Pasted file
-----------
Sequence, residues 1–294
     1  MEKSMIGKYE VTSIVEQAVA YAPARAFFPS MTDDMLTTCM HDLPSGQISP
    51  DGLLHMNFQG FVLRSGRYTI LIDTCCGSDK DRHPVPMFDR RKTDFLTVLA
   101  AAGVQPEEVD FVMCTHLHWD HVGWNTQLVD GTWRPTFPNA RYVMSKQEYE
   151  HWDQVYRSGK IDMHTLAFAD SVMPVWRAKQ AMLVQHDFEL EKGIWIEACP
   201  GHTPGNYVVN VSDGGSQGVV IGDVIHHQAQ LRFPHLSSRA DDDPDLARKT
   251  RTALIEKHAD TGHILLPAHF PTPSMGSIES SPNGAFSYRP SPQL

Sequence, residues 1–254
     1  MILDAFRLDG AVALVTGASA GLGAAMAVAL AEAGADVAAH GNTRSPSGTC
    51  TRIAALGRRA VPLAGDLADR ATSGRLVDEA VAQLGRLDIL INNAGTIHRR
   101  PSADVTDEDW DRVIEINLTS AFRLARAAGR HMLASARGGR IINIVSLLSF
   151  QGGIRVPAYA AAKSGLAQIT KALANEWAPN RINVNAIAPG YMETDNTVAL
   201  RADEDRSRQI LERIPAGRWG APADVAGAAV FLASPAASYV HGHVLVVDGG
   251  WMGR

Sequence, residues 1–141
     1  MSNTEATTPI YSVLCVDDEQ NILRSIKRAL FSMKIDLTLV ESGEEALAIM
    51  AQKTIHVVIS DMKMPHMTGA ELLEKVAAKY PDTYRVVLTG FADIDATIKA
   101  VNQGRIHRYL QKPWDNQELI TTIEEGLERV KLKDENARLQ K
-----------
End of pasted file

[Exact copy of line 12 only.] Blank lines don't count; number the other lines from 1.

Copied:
   151  QGGIRVPAYA AAKSGLAQIT KALANEWAPN RINVNAIAPG YMETDNTVAL